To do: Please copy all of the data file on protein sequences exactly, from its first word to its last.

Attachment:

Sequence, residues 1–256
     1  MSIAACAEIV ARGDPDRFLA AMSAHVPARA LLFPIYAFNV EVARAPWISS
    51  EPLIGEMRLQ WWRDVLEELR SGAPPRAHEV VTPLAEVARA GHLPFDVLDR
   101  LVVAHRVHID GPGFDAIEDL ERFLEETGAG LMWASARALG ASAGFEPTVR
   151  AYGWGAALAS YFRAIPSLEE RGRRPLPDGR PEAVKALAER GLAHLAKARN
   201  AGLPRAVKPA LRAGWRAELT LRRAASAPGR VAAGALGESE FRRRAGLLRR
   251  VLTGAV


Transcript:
Sequence, residues 1–256
     1  MSIAACAEIV ARGDPDRFLA AMSAHVPARA LLFPIYAFNV EVARAPWISS
    51  EPLIGEMRLQ WWRDVLEELR SGAPPRAHEV VTPLAEVARA GHLPFDVLDR
   101  LVVAHRVHID GPGFDAIEDL ERFLEETGAG LMWASARALG ASAGFEPTVR
   151  AYGWGAALAS YFRAIPSLEE RGRRPLPDGR PEAVKALAER GLAHLAKARN
   201  AGLPRAVKPA LRAGWRAELT LRRAASAPGR VAAGALGESE FRRRAGLLRR
   251  VLTGAV